(A note: This week begins what I hope to become a weekly feature: college baseball on Mondays. During the season, we’ll recap how the top draft prospects fared during the weekend. But with Opening Day still three weeks away, we begin today with the top prospect in Division I.)
“He’s not just tall and has a good arm, you know,” Louisiana State head coach Paul Mainieri told me on the phone last week. Sometimes, the rest of what makes up 21-year-old Anthony Ranaudo tends to get lost in the fray. His success, as a pitcher-not-thrower, pitching on Friday nights for a national champion, can somehow be overshadowed by his “good arm.” A beast at 6-foot-7, 230 pounds, with a fastball that has touched 97 mph in the past, Ranaudo is what scouts dream of when they imagine a right-handed pitcher.
He will be drafted in the top five this June, Boras’ demands permitting, as a result of that frame, that arm, and yes, some of those pitching skills harnessed in Baton Rouge. His decision to attend college, one he made before the 2007 draft, was a calculated risk when it appeared he would not be drafted in the first round out of a New Jersey high school. Blame Rick Porcello’s sizable shadow, or blame a senior season that just couldn’t match the dominance of the previous year. But the calculated risk looked to be an epic mistake in 2008, when Ranaudo lost most of his season to elbow tendinitis. Fast forward 12 months, and his prospect status is higher than ever.
And while it’s hard to poke holes in a 12-3, 3.04 ERA season (not to mention the 6.73 H/9 or 11.51 K/9), it does seem as things could get better for Ranaudo this year. Another year removed from his elbow problems, we should see more consistency in velocity this season, as last year his fastball would dip into the 89-91 range at times. In the fall and early spring workouts, the healthy right-hander is back to his old mid-90s self. And to face left-handed hitters, who had some success against him last year, Ranaudo will be implementing his third pitch.
“We’re going to use the change-up a little more this year,” Mainieri said. “It was pretty good last year, we just didn’t throw it much. This fall it looked real good.”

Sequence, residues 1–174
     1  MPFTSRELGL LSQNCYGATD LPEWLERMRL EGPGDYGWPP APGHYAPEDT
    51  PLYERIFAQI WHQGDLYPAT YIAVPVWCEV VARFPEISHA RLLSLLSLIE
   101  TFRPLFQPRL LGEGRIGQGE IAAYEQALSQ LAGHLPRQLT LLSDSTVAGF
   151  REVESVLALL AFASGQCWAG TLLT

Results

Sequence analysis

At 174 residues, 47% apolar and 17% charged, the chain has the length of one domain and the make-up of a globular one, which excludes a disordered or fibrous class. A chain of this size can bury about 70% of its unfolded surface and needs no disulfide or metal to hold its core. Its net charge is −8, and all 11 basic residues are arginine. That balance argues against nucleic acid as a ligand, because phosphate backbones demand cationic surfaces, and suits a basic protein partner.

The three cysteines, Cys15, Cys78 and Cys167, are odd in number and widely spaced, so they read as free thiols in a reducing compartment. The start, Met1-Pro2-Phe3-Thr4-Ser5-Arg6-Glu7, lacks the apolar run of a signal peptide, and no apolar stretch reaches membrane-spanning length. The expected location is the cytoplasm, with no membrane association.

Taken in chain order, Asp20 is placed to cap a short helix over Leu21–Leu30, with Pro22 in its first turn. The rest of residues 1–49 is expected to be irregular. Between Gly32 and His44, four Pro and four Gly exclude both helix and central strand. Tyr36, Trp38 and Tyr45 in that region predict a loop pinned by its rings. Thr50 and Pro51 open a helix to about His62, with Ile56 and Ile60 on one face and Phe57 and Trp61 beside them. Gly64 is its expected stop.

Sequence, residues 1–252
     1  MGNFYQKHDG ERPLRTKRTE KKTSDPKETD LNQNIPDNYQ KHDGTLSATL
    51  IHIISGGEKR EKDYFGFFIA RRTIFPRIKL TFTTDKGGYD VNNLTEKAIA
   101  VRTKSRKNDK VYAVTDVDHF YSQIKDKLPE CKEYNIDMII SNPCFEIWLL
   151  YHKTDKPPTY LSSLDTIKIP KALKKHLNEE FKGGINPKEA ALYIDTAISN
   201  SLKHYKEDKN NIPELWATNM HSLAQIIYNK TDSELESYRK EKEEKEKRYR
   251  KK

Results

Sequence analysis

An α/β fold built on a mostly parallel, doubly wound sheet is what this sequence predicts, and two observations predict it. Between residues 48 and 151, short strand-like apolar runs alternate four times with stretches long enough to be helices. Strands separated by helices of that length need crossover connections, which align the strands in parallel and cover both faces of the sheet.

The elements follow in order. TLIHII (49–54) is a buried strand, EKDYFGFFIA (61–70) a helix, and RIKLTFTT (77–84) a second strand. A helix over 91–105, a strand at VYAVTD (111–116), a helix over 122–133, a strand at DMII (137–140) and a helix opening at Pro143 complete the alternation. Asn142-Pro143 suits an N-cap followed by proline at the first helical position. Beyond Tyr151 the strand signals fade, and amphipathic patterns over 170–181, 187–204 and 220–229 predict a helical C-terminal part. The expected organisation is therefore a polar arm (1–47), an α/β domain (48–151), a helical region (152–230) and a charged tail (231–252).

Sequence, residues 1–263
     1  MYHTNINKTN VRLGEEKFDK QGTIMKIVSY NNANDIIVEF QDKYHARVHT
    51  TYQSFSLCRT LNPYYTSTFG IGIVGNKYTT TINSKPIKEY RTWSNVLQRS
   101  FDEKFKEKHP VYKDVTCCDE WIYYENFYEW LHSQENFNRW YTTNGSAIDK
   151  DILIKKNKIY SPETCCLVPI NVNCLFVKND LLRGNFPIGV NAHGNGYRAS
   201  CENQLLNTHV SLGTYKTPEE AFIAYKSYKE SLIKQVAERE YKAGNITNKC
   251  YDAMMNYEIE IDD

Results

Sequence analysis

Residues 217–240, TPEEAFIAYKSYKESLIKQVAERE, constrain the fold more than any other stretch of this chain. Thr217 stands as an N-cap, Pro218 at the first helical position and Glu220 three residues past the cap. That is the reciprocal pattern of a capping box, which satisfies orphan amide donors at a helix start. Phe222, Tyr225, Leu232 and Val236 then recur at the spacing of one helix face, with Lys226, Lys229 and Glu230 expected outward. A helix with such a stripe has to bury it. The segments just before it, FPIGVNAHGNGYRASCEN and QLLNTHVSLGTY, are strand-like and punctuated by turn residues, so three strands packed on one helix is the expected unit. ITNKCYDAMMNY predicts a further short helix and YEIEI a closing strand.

Scouts are anxious to see it, as they didn’t get to see him last summer. Mainieri ruled that after never pitching more than 60 innings in a season before, the 124.1 innings logged during the Tigers’ championship run was enough for 2009. They shut him down for the summer, and limited his fall ball workout to five outings with a maximum of three innings. Before the season, they plan on three more intrasquad starts. And on February 19, against Centenary, Ranaudo will begin his final season in purple and gold. It will mark the first time he’s thrown to a non-teammate since winning the national championship on June 24.
The 2010 draft looks thinner on the college side than it has in a few years, but it’s not without a horse. More on Ranaudo every Monday in this space.
In my talk with Mainieri, three other players came up worth noting, all of whom I’ll run through quickly:
— While Bryce Harper (who made his junior college debut over the weekend) is the draft’s top catcher, Micah Gibbs is the most polished. The junior has shown a bit of every skill at LSU, including gap power (32 doubles in 412 at-bats), patience (69 walks) and plus defense. Mainieri quoted Gibbs’ ability to put all of them together, day in and day out, as his final hurdle before June.
— In terms of SportsCenter appearances, no player in college baseball has been as visible in two seasons as Leon Landry. In both 2008 and 2009, Landry made a Top Ten Play, showcasing his “70” defensive range. He also came out of the gate last season as the nation’s hottest hitter, but went cold at the onset of conference season and was benched by the postseason. “He just got a little homer happy and was pulling off the ball,” Mainieri said. The coach also pointed out that LSU faced “an inordinate amount of left-handers,” who Landry is still struggling against. Still, with an insane power-speed toolset, Landry won’t slip past the third round.
— I first became aware of Blake Dean in August, 2007, when I ranked him as a top freshman prospect in the Cape Cod League, “A nice left-handed swing with good bat control, and a good outfielder,” I wrote. Well, I was wrong with the latter point, as Dean quickly became the Tigers’ Designated Hitter. But he did slug, and has been one of the nation’s top hitters for two seasons, hitting .340/.432/.628 in his sophomore and junior seasons. The coaches finally have a position for Dean, for his final season in Baton Rouge: first base. “This was always his natural position, he just never knew it,” Mainieri said. Expect him to go higher than the 10th round (where he was drafted last June) this time around.